CONCLUSION: With further modification, laser pretreatment may improve patient convenience and decrease irritant test reactions owing to occlusion.

Acupunct Med. 2005 Mar;23(1):31-3.

The use of laser acupuncture for the treatment of neurogenic pruritus in a child–a case history.

Stellon A.

This report describes the successful treatment using laser acupuncture of a six year old girl with neurogenic pruritus of the abdomen. It is the first case report of neurogenic pruritus treated by laser acupuncture. The main advantage of using low energy laser, as opposed to acupuncture needles, to stimulate points, is that low energy laser causes little or no sensation, which is particularly useful when treating children.

Burns. 2004 Jun;30(4):362-7.

Low Level Laser Therapy–a conservative approach to the burn scar?

Gaida K, Koller R, Isler C, Aytekin O, Al-Awami M, Meissl G, Frey M.

Department of Reconstructive and Plastic Surgery, Burn Unit, Division of Surgery, University of Vienna, Austria.

Burn scars are known to be difficult to treat because of their tendency to worsen with hypertrophy and contracture. Various experimental and clinical efforts have been made to alleviate their effects but the problem has not been solved. Since patients keep asking for Low Level Laser Therapy (LLLT) and believe in its effectiveness on burn scars, and since former studies show contradictory results of the influence of LLLT on wound healing, this prospective study was designed to objectify the effects of LLLT on burn scars. Nineteen patients with 19 burn scars were treated with a 400 mW 670 nm Softlaser twice a week over 8 weeks. In each patient a control area was defined, that was not irradiated. Parameters assessed were the Vancouver Scar Scale (VSS) for macroscopic evaluation and the Visual Analogue Scale (VAS) for pruritus and pain. Photographical and clinical assessments were recorded in all the patients. Seventeen out of 19 scars exhibited an improvement after treatment. The average rating on the VSS decreased from 7.10+/-2.13 to 4.68+/-2.05 points in the treated areas, whereas the VSS in the control areas decreased from 6.10+/-2.86 to 5.88+/-2.72. A correlation between scar duration and improvement through LLLT could be found. No negative effects of LLLT were reported. The present study shows that the 400 mW 670 nm softlaser has a positive, yet sometimes limited effect on burn scars concerning macroscopic appearance, pruritus, and pain.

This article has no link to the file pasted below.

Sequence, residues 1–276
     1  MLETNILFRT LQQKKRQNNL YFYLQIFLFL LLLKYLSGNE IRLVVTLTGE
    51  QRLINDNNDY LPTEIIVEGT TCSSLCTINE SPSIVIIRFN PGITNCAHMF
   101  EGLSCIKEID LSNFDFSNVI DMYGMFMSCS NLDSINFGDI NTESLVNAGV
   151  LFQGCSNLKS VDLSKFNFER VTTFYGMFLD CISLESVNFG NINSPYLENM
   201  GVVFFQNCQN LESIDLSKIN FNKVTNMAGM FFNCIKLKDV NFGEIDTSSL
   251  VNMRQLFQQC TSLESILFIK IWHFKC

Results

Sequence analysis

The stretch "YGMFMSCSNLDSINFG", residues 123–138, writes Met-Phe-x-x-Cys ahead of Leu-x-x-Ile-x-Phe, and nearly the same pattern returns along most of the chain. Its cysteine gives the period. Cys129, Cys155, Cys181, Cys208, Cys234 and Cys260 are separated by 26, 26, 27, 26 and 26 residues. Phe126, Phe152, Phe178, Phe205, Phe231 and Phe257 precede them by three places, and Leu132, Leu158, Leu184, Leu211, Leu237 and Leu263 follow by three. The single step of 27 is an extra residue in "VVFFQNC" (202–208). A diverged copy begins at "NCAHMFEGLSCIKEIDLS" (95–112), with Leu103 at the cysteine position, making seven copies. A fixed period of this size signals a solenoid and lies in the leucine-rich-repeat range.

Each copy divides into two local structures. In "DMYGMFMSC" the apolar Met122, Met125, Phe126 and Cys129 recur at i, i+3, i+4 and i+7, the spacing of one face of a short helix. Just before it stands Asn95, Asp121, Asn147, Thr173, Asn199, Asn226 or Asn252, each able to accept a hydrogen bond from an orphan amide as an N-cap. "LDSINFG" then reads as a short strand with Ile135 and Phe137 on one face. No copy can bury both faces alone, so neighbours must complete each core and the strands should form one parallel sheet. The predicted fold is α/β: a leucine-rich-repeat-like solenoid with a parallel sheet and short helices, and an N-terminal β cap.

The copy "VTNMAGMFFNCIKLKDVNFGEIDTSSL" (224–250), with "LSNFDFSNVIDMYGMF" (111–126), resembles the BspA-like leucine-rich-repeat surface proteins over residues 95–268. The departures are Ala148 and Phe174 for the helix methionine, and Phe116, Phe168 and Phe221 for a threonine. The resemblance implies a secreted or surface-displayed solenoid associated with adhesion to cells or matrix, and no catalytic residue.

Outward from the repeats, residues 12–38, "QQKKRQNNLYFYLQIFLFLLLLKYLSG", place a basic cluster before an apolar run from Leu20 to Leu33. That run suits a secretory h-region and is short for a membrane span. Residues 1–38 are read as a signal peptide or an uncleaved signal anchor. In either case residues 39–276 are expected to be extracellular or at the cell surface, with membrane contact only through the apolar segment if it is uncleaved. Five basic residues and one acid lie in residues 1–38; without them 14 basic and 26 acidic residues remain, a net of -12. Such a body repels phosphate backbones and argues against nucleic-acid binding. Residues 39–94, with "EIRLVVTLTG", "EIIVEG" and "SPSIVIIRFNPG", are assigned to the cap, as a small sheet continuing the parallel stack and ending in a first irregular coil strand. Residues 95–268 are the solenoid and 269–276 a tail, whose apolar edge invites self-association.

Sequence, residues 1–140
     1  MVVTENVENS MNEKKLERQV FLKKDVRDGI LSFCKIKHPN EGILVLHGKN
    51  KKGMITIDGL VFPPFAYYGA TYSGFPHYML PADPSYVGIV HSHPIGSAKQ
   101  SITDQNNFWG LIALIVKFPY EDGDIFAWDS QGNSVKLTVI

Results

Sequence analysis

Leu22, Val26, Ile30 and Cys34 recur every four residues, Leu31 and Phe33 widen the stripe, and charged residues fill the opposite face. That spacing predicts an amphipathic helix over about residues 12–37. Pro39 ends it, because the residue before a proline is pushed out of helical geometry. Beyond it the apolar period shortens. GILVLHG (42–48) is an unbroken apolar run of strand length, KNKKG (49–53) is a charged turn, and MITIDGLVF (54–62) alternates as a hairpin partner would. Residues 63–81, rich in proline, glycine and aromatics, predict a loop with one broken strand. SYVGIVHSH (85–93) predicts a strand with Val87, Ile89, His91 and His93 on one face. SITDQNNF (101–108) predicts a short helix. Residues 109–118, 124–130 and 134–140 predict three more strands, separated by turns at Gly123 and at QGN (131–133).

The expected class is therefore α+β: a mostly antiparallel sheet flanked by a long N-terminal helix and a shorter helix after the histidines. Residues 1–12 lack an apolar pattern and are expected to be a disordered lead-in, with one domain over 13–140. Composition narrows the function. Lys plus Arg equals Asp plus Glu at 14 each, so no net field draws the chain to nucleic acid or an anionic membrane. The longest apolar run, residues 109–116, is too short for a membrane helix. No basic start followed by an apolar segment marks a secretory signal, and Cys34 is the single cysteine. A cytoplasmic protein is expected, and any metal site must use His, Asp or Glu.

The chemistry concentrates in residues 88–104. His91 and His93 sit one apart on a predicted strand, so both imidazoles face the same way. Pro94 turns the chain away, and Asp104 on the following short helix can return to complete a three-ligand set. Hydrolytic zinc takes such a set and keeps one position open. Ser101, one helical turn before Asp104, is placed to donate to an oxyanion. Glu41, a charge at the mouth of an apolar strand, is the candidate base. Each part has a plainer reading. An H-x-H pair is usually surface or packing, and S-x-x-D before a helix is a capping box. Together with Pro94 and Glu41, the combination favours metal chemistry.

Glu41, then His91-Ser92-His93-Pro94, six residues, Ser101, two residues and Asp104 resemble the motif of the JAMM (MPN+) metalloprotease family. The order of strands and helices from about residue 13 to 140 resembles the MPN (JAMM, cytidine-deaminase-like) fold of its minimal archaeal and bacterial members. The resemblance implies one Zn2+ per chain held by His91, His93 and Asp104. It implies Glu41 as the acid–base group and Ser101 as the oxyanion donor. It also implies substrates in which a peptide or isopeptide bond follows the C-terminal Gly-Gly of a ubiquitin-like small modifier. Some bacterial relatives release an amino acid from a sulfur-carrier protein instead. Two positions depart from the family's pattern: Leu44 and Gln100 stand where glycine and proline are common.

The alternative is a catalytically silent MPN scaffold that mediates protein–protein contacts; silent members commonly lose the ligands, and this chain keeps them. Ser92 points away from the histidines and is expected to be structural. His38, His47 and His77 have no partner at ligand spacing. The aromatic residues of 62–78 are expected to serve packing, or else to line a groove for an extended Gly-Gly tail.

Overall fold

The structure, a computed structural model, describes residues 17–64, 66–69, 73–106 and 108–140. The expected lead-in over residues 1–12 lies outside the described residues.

Clin Exp Dermatol. 2003 Nov;28(6):595-6.

Rapid remission of severe pruritus from angiolymphoid hyperplasia with eosinophilia by pulsed dye laser therapy.

Nomura T, Sato-Matsumura KC, Kikuchi T, Abe M, Shimizu H.

Department of Dermatology, Hokkaido University Graduate School of Medicine, Sapporo, Japan.

A 48-year-old Japanese woman with angiolymphoid hyperplasia with eosinophilia (ALHE) was successfully treated with a flashlamp pulsed dye laser (585 nm, 450 micros pulse duration). The lesion was severely pruritic and had been enlarging slowly for 2 years but was resistant to conventional therapies, including topical, intralesional, and systemic corticosteroid, and cryotherapy. The severe pruritus immediately improved after the first treatment using the pulsed dye laser. The erythema and papules gradually improved without scarring and this was followed by further five treatments over approximately a 4-month interval. No clinical recurrences have been observed 1 year after completion of the treatment. We think that pulsed dye laser therapy is an effective treatment for ALHE in both Japanese as well as Caucasian patients. Pulsed dye laser therapy is also helpful in reducing the pruritus in ALHE patients.